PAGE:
And then you get things that don’t make sense. At a distance, with no character nearby for scale, a location or object looks amazing. But then you put a character in the scene and find out that that a guard-railing in Moria is head-height on an elf or human, and wouldn’t do a lick of good keeping a dwarf from falling over the side. Likewise, stairs. Lord of the Rings Online is beautifully visualised, but its stairs make me want to cry. I kind of wish they’d been left as a painted ramp, because it’s tough to imagine dwarves hiking up and down a hill using what are essentially waist-high shelves. At range, these features and others look fine, the human brain does a fantastic job of scaling things mentally so that they make perfect sense, even when they don’t; there are limitations in games that don’t exist in real life, and we can forgive these easily.

Full-on TARDIS houses, on the other hand, are a bit of a stretch.

I’ve studied architecture, structural engineering, and I’m a reasonably good draughtsman both on paper and in CAD programs. When I look at a building, I’m mentally mapping its layout; if I’m in an older building, I’m looking for signs of structural expansion and history — I’m a nerd like that. When the interior of a house doesn’t match its exterior, or when a wall seems just a bit too thick for no apparent reason, it’s fairly noticeable. For a few months I lived in a house in Providence, Rhode Island (not far from dear old H.P. Lovecraft’s old home, in fact) which was distinctly non-Euclidean, and it was a great mental exercise to figure out how the walls were joined.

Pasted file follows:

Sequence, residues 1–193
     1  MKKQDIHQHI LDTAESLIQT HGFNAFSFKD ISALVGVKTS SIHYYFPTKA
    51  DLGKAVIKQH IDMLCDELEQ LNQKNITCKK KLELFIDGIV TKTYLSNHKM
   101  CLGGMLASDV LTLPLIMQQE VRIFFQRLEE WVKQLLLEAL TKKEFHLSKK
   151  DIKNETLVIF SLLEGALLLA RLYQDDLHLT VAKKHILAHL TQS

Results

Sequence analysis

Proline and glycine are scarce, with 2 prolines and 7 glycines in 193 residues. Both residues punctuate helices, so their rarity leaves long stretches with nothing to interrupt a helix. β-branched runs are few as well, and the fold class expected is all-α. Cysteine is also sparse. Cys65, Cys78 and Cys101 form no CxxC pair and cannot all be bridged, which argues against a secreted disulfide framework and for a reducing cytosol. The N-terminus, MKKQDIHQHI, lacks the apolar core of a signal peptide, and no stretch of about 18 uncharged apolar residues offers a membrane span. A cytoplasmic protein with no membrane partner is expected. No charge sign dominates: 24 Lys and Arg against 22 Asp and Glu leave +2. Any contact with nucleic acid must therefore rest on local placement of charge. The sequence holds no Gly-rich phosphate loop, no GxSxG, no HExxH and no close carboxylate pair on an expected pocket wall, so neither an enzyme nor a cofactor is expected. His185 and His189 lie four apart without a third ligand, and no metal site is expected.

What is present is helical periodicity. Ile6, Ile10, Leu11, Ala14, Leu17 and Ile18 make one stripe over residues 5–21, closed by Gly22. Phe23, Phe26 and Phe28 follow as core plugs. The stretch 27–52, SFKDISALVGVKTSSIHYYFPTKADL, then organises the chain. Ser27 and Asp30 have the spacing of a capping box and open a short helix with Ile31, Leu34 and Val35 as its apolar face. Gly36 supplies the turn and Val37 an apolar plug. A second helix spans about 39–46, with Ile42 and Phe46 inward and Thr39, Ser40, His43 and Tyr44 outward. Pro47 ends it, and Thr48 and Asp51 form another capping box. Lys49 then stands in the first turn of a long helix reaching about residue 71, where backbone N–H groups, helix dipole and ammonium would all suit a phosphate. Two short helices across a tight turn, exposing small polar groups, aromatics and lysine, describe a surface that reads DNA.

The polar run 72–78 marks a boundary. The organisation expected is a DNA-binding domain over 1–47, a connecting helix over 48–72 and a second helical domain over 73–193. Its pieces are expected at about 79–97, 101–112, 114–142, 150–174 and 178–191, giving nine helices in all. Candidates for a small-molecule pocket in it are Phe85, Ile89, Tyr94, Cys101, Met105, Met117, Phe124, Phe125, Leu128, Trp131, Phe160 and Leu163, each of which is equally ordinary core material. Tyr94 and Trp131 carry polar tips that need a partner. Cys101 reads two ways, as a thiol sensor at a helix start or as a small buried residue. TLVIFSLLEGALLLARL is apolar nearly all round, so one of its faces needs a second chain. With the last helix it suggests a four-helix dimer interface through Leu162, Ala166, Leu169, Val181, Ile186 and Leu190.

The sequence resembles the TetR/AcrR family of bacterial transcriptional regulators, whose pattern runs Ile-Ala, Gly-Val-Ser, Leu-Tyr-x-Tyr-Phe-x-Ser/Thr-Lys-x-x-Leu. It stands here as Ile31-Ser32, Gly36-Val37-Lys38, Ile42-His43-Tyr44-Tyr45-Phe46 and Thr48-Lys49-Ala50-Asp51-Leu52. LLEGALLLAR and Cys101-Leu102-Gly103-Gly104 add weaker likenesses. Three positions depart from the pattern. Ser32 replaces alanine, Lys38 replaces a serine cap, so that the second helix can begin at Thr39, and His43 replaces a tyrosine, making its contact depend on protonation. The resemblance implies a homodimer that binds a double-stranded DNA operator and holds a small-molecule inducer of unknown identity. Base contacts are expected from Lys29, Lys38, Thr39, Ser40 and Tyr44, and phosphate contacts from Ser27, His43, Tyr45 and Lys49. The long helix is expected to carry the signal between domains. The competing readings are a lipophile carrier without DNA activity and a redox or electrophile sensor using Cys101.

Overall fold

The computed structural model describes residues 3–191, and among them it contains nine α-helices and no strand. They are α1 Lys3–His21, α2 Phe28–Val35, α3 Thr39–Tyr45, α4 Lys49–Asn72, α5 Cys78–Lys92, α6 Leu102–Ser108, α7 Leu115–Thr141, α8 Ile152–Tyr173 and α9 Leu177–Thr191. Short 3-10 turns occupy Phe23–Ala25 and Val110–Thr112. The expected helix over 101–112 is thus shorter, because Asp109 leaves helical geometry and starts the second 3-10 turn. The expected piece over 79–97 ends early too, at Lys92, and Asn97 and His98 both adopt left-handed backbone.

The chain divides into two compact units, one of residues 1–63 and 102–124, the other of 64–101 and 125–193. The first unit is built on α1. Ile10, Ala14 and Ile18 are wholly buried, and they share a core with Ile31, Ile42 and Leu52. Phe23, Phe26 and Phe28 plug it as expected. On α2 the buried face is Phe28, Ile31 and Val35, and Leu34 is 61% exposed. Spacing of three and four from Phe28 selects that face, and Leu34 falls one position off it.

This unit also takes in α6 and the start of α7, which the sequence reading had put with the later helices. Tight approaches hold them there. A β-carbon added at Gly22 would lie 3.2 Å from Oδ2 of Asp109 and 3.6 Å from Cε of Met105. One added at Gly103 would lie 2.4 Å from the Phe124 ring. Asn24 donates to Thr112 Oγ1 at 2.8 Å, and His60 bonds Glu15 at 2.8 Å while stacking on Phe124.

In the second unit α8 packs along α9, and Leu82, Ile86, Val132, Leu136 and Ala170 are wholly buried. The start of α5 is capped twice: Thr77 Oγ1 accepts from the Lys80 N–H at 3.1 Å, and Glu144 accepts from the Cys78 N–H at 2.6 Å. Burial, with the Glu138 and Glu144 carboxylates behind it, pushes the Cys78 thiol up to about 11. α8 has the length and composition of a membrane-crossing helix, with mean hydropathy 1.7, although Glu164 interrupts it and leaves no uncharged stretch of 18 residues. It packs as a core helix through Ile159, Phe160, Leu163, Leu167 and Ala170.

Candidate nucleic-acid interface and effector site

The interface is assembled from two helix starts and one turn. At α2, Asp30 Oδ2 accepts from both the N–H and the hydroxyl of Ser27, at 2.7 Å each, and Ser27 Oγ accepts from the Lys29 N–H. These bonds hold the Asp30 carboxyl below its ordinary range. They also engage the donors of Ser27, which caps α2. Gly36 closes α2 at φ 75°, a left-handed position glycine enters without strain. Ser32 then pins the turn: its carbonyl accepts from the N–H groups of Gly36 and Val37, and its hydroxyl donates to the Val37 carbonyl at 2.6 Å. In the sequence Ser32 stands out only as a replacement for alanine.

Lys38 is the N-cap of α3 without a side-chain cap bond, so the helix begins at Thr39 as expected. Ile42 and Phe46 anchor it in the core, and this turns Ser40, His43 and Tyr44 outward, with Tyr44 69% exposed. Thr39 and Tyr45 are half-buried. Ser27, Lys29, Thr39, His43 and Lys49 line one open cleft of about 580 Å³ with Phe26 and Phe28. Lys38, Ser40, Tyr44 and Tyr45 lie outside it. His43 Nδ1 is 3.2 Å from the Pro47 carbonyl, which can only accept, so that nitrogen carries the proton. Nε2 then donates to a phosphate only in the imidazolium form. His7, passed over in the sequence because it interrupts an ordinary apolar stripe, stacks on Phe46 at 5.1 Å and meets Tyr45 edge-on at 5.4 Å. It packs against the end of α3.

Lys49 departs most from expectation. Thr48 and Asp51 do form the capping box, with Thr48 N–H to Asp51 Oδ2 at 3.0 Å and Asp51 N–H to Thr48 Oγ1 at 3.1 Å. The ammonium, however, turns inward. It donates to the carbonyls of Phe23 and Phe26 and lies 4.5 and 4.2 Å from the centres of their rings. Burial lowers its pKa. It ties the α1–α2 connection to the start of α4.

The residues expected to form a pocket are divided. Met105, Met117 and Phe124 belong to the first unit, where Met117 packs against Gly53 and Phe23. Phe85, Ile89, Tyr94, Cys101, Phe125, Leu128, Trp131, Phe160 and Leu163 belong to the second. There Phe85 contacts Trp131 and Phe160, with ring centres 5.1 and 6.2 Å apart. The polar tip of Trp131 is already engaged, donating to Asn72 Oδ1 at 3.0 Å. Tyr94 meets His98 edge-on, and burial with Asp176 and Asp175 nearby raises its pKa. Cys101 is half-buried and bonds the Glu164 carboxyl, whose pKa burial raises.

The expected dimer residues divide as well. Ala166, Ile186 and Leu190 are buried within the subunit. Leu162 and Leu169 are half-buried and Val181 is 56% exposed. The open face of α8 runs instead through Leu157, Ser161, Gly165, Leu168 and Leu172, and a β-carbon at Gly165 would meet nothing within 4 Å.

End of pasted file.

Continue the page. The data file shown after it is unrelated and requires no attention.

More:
Again, sometimes TARDIS-ing is done in the interests of accommodating game limitations, either visually or technically. Allow me to provide a couple of notable examples.

It's really a small fortress.

Not shown: portal to another dimension.